Disabled youth find a home and visibility with Chinese sisters
As soon as the first sisters moved onto the church grounds in a rural region outside of Beijing, the babies started showing up on the doorstep. They were babies with severe disabilities, abandoned at a few months old, with no trace of the family who left them behind.
China's one-child policy was not enforced in the rural countryside, like here in Hebei province, where families continued to have an average of three or four children.
"These are very poor families, and these parents have a lot of pressure, not only for taking care of the disabled kids, but also taking care of many other children," said Sr. Niu Chun Mi, director of the Gaoyi Therapy Center for the Liming Family. The Liming Family is the primary ministry for the St. Therese of the Child Jesus Sisters, known locally as the St. Therese of the Little Flower Sisters. The Liming (House of Dawn) Family is a group of three institutions that serve children and adults with severe mental and physical disabilities.
"Parents began abandoning these children in front of the door to the church, and the bishop [Raymond Wang Chong Lin] asked the sisters to take care of them," recalled Sr. Xeufen Zhang. Xeufen was one of the original 10 founders of the St. Therese sisters in 1988, when Wang oversaw the re-founding of the congregation after China's Cultural Revolution had forcibly disbanded religious congregations.
"In the beginning, we kept the orphans in the same house as us, and we slept together, and we ate together," said Xeufen. "Before I entered the community, I thought that sisters live in a house with a big wall and pray all day. When I entered, I saw that a sister's life was very different. We needed to build the house ourselves, brick by brick! We needed to take care of these orphans and students. I didn't choose to be a mother, but suddenly I needed to be a mother and a father, too."
It wasn't until 1998 that the sisters formally opened the orphanage in a separate building, with guidance from sisters from Hong Kong, just after the Hong Kong sisters were allowed to make contact with mainland Chinese sisters.
Today, the Liming Family has three branches. Biancun Nursing Center provides accommodations for the youngest children who do not have families. The Gaoyi Therapy Center offers special education, speech therapy, physical therapy, occupational therapy, and "integrative sensory" therapy, an occupational therapy for children with both physical and mental disabilities.
At the Ningjin Occupational Center for young adults aged 16 to 35, staff train the residents to make crafts that are sold locally and yield a small income.
"It started with the orphanage, but there were more and more orphans, and our former superior said we needed to reduce the number of orphans," said Sr. Ma Suling, superior general of the St. Therese sisters.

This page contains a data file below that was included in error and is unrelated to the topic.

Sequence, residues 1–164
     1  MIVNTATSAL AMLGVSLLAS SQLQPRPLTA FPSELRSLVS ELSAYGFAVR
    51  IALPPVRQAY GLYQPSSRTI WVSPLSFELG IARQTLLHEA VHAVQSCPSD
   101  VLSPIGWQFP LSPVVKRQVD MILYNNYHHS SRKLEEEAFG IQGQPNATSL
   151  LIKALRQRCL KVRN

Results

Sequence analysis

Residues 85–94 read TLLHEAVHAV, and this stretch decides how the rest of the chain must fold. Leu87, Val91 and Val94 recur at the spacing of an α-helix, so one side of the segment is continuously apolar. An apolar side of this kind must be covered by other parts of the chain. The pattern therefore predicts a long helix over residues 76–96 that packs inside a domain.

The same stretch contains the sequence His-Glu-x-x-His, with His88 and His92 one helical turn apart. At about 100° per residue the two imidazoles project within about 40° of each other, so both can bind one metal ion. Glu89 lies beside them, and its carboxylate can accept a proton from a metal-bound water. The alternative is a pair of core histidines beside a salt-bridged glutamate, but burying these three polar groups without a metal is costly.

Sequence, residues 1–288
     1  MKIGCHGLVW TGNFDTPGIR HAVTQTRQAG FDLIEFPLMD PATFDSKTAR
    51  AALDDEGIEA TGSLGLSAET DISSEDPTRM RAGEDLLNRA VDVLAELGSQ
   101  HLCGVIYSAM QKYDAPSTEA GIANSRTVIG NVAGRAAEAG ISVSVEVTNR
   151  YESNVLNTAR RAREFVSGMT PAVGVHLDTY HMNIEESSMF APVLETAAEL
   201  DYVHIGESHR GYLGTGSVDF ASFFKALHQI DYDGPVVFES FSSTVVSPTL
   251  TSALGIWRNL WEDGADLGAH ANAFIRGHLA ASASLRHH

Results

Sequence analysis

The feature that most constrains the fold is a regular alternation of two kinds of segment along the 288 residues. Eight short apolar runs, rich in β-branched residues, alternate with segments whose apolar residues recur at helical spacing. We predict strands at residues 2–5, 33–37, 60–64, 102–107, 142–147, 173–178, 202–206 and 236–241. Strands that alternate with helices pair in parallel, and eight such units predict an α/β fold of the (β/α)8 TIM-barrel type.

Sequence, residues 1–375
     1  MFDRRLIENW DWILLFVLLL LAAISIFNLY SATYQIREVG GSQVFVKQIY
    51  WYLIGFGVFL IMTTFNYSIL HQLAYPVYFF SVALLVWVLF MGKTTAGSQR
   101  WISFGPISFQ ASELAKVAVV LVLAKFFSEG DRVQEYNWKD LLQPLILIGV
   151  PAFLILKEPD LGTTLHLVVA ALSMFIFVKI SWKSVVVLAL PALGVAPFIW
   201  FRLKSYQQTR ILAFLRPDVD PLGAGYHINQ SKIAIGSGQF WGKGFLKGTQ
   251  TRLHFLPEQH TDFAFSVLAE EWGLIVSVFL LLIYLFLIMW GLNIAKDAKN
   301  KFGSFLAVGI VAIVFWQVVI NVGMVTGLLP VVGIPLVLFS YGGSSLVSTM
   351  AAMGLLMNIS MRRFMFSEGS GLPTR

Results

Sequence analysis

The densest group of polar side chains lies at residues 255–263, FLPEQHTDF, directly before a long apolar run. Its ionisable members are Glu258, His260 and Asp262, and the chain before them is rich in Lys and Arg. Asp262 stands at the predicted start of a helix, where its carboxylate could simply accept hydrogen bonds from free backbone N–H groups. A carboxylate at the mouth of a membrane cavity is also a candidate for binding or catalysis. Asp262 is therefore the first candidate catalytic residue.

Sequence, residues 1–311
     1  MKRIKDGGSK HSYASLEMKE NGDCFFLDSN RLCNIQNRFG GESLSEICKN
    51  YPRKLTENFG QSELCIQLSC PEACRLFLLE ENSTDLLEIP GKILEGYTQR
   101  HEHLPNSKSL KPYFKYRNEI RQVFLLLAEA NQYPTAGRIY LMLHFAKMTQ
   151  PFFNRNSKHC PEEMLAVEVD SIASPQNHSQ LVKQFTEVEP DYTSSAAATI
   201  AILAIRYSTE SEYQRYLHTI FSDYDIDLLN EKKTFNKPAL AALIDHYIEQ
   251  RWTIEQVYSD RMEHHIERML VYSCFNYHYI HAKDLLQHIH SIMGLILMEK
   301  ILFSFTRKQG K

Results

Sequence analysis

"Many parents don't want to abandon their kids, but reality forced them to," she said.
Resources and support for parents
The sisters started the therapy center in 2006, with the purpose of providing resources and support to parents, so they could keep their children at home. "Some hospitals accept these kinds of children for therapy, but it's very expensive," said Ma. "They need a lot of long-term therapy, even for years. If a child has cerebral palsy, they might need three to five years to learn how to walk with a device."
At the Liming centers, the therapy is heavily subsidized. Forty-minute sessions cost 25 yuan (about $3.50), less than 50 percent of the cost of hospital therapies. Families pay on a pay-as-you-can basis, but Ma said only about a third of the families are able to afford treatment. The rest is covered by donations from private individuals, including Catholics throughout China.
"We also do training work for the parents, and the parents often accompany the kids during therapy," explained Sr. Zhang Cun Cun, vice director of the therapy center in Gaoyi. "That's good for the long-term therapy for the kids."
"Teachers teach the kids to take care of themselves," Zhang added. "This reduces their expense to the families. They give them the therapies, and also personal hygiene. They teach them how to wash their own bowls and tie their own shoes."
It's a radically different approach from how institutions and the public used to treat people with disabilities, expecting that they couldn't do anything for themselves, the sisters said.
There are 130 children and young adults living at the Liming Family centers, which have helped more than 1,800 people since they started.
Changing society with stories and art
In addition to providing services for people with disabilities, the St. Therese sisters are trying to influence how society treats people with disabilities.
They have a speakers bureau that brings young adults from their center to tell community center and university audiences about their lives. "Their stories inspire a lot of people," said Sr. Mi Lihong.
The Liming centers also organize talent shows, showcasing residents who can play the piano, sing, write poetry on a computer using their toes to type, or paint using their mouths. One resident, named Tian Herbal, is now studying on a full scholarship at Beijing Normal University. She does not have use of her limbs and paints stunning watercolors of giant flowers using a brush clamped between her teeth.
"Through these activities, we want the society to know our value of life, that we respect life like this," said Mi.